Creating the TicketSwap Design System
When I started at TicketSwap one of the first things I championed for the design team was the creation of a design system. The product had grown quickly and organically so lots of small inconsistencies had built up over time.
Sketch was just introducing symbols and libraries at the time, and I was the second designer on the team. So this was an ideal moment to get started. We decided to take an approach loosely based on Atomic design. Koen and me started at the bottom, with the atoms and slowly worked our way up.
TicketSwap had a few different blue's when we started. We decided to start out with the smallest set possible and try to only add colors as needed. We worked with development to get a list of all colors currently defined in css, and consolidated them into this smaller set.
Then we did the same with typography. This is also the first response part of the system. We defined the weights and sizes for phone, tablet and desktop together.
Next we collected all the different buttons and other controls and mapped them in a grid showing every possible state to make sure we wouldn't miss anything. Our goal here was to use the same sizing on all our target devices to maximize consistency and to ensure that title's would work on different screen sizes and languages.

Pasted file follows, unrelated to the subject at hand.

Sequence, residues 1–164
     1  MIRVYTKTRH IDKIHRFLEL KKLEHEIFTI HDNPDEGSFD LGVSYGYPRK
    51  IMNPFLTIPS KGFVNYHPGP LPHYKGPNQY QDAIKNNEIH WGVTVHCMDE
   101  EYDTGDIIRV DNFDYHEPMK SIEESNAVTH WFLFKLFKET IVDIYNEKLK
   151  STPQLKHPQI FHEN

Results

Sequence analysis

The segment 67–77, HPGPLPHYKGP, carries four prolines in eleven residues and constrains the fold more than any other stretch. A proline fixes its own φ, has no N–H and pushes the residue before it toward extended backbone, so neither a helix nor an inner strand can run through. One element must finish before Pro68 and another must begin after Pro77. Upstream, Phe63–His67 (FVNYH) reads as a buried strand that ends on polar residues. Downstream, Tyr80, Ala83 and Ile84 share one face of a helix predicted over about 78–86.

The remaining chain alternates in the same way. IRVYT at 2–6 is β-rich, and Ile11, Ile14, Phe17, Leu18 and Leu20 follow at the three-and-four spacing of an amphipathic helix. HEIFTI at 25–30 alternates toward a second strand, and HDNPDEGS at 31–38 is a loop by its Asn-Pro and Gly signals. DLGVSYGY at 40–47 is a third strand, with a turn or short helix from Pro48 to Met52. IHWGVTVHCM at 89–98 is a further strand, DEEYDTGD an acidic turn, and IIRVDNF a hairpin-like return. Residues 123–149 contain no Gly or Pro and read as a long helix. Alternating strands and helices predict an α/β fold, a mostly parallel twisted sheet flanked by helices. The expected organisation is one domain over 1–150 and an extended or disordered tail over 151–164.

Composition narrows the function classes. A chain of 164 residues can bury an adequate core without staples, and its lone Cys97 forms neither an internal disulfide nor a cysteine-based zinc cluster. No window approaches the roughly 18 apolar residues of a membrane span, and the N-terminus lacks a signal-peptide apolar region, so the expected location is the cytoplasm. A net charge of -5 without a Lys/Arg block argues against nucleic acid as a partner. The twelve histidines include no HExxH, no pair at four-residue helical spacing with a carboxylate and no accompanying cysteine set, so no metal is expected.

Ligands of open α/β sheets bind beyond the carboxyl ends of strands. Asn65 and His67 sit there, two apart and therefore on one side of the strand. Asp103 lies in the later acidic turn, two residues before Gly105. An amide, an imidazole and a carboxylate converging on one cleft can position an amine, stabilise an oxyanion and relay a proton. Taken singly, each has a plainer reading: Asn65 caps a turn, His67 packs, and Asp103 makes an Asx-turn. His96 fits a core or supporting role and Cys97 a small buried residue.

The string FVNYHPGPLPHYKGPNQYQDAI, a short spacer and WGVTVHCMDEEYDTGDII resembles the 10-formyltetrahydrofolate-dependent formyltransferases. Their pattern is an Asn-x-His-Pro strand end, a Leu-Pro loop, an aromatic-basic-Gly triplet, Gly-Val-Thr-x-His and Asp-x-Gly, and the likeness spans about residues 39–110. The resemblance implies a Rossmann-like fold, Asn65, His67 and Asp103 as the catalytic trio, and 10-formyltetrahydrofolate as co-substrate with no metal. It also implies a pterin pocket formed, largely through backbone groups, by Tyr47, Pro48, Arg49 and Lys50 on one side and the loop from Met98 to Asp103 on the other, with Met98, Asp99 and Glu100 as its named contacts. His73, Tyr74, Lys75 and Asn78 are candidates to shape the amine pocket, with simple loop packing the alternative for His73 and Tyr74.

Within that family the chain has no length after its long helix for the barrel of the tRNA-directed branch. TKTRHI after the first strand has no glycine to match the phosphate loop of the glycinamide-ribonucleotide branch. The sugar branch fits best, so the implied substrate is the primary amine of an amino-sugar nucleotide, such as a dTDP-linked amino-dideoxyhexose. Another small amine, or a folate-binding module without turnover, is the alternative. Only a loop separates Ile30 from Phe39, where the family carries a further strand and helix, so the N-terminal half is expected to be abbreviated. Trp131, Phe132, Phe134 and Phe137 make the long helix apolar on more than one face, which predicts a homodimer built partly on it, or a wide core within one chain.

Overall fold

With the basic building blocks done, I designed a responsive grid and a set of headers and carousels. This way it's easy to build a custom page while making sure things fit and work correctly on different devices.
Putting the system to use
We redesigned the home page to use our shiny new design system.
And here is an example of a city page.
- Great for increasing consistency and usability, especially across platforms
- Gradual introduction is nice, but need to press through at some point
- Don't let it stilfle innovation
We had a great time working with the development team on gradually introducing this. We agreed to design all new features using the design system, while being flexible on the implementation in the mean time.
We created a tag in our issue tracker for small design related tweaks, our front-end devs really loved having a list of small quick wins to either start or end the day.
We agreed with product management we would spent a fixed amount of time (between 10% and 20% if necessary) on purely design related tasks ensuring we could over time solve all the design debt we accumulated over time.